McLaren MP4/4 New Electronics

18th July 2016 12:25

OLDtronics were commissioned to reverse engineer the electronics on a McLaren MP4/4 (Honda V6 turbo) while the original electronics were working, then to supply a pin-compatible modern ECU.
The project involved:

  1. Reverse engineering the entire chassis and engine harness to establish the ECU pin-out.
  2. Establishing the engine sequence with reference to the crank mounted sensor and the two cam mounted sensors that each supplied two signals, one as a cam synchronisation and the second as a backup cranks sensor.
  3. Determine the sensor calibration for all the sensors.
  4. Construct a test harness and connect the ECU to a Hardware-in-the-Loop tester (HiL).  The HiL can stimulate the crank/cam and other sensor inputs while measuring the ECU outputs such as ignition and injection phase and timing.
  5. Develop test scripts to exercise the ECU over its entire operating range to establish its internal workings:
    • Injection on time maps for revs, throttle and boost pressure
    • Ignition firing angle for revs, throttle and boost
    • Injection start/end angles
    • Ignition dwell time
    • Engine temperature compensation for injection and ignition
    • Air temperature compensation for injection and ignition
    • Fuel temperature compensation for injection and ignition
    • Fuel pressure compensation for injection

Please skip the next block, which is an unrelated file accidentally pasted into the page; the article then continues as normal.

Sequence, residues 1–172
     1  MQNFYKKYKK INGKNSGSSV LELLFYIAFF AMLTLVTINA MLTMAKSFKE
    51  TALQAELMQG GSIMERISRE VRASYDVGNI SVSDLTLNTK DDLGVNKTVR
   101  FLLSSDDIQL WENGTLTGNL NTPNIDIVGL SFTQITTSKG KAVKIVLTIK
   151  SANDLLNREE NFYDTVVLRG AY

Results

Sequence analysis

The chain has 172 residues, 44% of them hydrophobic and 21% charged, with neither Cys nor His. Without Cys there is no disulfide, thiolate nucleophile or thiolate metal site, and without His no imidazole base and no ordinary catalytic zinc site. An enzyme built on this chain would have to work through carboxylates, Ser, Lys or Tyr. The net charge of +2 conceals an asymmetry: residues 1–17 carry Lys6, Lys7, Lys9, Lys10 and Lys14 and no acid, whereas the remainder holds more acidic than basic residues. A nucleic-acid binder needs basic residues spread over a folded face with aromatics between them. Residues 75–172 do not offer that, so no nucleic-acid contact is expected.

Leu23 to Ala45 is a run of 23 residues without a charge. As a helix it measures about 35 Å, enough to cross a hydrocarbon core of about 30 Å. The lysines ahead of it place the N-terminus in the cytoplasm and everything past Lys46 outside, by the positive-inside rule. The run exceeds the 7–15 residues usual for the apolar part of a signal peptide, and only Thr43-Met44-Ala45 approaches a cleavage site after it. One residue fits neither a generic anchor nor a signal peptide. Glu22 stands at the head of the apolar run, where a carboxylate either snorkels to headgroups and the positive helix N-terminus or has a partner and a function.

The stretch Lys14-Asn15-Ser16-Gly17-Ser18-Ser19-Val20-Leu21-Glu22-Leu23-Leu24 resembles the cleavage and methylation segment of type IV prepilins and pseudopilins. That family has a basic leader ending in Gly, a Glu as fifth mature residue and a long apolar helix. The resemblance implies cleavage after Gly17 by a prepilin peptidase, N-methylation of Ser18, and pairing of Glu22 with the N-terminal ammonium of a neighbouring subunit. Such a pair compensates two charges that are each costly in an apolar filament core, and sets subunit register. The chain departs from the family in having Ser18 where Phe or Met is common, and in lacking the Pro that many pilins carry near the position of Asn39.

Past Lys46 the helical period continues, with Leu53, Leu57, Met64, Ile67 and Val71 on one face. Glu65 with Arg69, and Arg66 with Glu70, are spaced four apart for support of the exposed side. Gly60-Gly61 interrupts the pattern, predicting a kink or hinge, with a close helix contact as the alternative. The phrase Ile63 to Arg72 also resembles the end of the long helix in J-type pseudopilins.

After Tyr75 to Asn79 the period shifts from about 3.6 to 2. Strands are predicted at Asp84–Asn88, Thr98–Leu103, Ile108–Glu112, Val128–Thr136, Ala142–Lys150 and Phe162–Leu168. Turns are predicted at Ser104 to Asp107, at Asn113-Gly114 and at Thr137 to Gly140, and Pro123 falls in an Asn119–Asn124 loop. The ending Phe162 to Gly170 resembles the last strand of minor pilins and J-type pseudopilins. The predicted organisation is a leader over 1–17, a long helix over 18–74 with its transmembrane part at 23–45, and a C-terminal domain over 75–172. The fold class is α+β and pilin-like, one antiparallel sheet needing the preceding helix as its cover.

• Understand the wastegate control strategy
    • Understand the fuel temperature control strategy – the engine largely runs on toluene which is best heated to around 50°C to get the best atomisation.
    • Understand the intercooler bypass strategy
  6. In order to be able to keep the original dash, the serial data stream from ECU to the dash had to be decoded, which turned out to be one of the hardest tasks.  This ended up having to produce a PC program that has developed into the Honda ECU Monitor
  7. The original CDI unit was used initially, requiring the input pulse stream to be decoded.
  8. Develop Simulink models using @Source from Podium Technology to recreate the functionality of the original ECU.  Simulink and @Source were chosen and the most future proof method of documenting the work.  Even if the replacement ECU becomes obsolete the models can be quickly applied to an even newer ECU.
  9. Develop a CAN-bus to dash serial bus interface using Arduino hardware as the ECU did not support the peculiar 9-bit serial stream.
  10. Produce a McLaren TAG400 in a box machined to be identical to the original ECU and to also be pin-compatible.
  11. Compare the results of running the original ECU over its entire range with the results from the replacement ECU. The target being to run the car without having to remap the ECU.
  12. Add a modern GPS logger and camera to the car, for which an AiM Solo was selected, interfacing to the CAN data stream from the modern ECU.  An Arduino interface was also produced that converted the dash serial stream to CAN so the original ECU could be connected to the logger.
  13. Run the car at a track.  After some tweaks to the wastegate tuning, the car ran perfectly.

Using the HiL system to stimulate the original ECU connected to engine harness

Original dash display

Original ECU connected to the HiL

Reverse engineered ignition timing map

Reverse engineered injection on-time map

Data log of ECU going through its sweeps

Decoding crank and cam timing

Car ready for first shakedown at Silverstone

Car ready for first shakedown at Silverstone

Addition of AiM logger and camera

On track with Chris Goodwin driving